Through The Static

August 21, 2008

For America’s Scholars Of Race, An Obama Dilemma

Filed under: Elections,Politics,Race — disciplepete @ 9:34 pm

This article from Black Agenda Report talks about the effect on race relations an Obama victory in November would have. The article reports the viewpoints of American race scholars on the issue. I really dug it cuz I’m a big fan of Derrick Bell, whom they quote, also they got input from Joe Feagin and David Roediger whom I also like. I was pretty surprised though by what some of em had to say. Anyways, I’ll quote the article and then I’ll throw my 2 cents in…

For scholars of race, Barack Obama presents a new American dilemma. On the one hand, his election as president would be a breathtaking symbol of racial progress. On the other, an Obama victory could prove illusory, doing little to dismantle racism while crippling their ability to call attention to it…

…”At this point, any conflict I might have is more than eased by the knowledge that Barack Obama, if elected, could be the salvation of a country in free flight failure,” Derrick Bell, a professor of law at New York University, who taught Obama when he was a student at Harvard Law School, replied via e-mail.

Pete’s note: Derrick Bell, in an awesome book he wrote called Faces at the Bottom of the Well (you must read it…extremely creative) argued that racism is a permanent feature of American life. So yeah, I guess I’m a bit surprised that he seems optimistic about Barack. Maybe I shouldn’t be surprised, I mean he’s not saying that racism will be over or anything.

Anyways, back to quoting..oh wait, the article mentions what I just said about Bell’s view of racism..ahh well, I’m keeping what I wrote! Ok:

In books like Faces at the Bottom of the Well: The Permanence of Racism, Bell, who is black, offers a bleak view of the possibility of racial progress in America, a view much at odds with the hopeful promise of Obama.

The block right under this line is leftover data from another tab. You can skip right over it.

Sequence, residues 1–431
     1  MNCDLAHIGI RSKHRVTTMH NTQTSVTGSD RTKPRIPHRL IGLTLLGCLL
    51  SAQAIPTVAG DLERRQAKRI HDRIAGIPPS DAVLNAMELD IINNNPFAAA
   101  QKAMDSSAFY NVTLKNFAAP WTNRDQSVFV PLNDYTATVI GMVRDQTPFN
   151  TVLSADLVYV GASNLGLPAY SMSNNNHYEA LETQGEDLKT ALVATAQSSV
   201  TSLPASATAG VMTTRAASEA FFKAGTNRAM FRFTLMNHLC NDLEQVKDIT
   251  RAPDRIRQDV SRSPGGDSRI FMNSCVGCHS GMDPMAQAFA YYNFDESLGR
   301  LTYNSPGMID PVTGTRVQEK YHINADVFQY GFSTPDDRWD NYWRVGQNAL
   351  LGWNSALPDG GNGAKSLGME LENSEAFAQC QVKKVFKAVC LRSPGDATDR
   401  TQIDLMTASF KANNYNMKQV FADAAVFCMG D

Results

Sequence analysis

“If he sounded as I might wish him to sound, he could not be elected,” Bell wrote in his e-mail. “And he may not be elected even as his intellect and savvy puts him worlds ahead of his Republican counterpart. And that is all I wish to say on the matter.”

Another renowned pessimist — University of Pennsylvania political scientist Adolph Reed Jr. — did not respond to an interview request.

But in a blistering recent post on blackagendareport.com, Reed, who is black, argued that while Obama might be better than John McCain in the short run, in the long run he might be worse. This, Reed reasoned, is because, having co-opted so much of the left, Obama may move the boundary of acceptable discourse on race and class well to the right.

“I’m not arguing that it’s wrong to vote for Obama, though I do say it’s wrong-headed to vote for him with any lofty expectations,” wrote Reed, indicating his intention “to abstain from this charade.”

David Roediger, a race historian at the University of Illinois at Urbana-Champaign, evinced a particle more enthusiasm for Obama’s candidacy. “I feel this sometimes has something to do with something I care about and, as things go in U.S. politics, it’s not the worst thing to happen,” said Roediger, who is white.

But, as he notes in the conclusion of his book – How Race Survived U.S. History: From Settlement and Slavery to the Obama Phenomenon, due out this fall – “Obama does not represent the triumph of an advancing anti-racist movement but rather the necessity, at the highly refracted level of electoral politics, of abandoning old agendas, largely by not mentioning them.”

Hey, they quote a scholar from UCSB!!….

And [Howard] Winant, a leading race scholar of the left and director of the Center for New Racial Studies at the University of California at Santa Barbara, called this “a very promising moment.”

“It’s hard,” he said, “to give up that thrilled sense of possibility, that thrilled sense that something really big might be changing in this area, which is so long overdue.”

There’s more stuff in the article, check out the link if you wanna read it.

I’ve thought about this question a bit, and right now I think an Obama presidency would be a positive thing for race relations. Certainly not a revolution, but when you know the history of this country, I can’t help but see a Black president as a significant thing. But like I read someone else saying in the blogosphere, Barack Obama in the White House isn’t gonna stop a single dude in the ghetto from selling crack. I think that’s a good way to put it: it’s just business as usual with a Black face. And to me, that’s some type of progress, although far less than I think is possible.

Anyone out there reading, I’d love to hear what you think…

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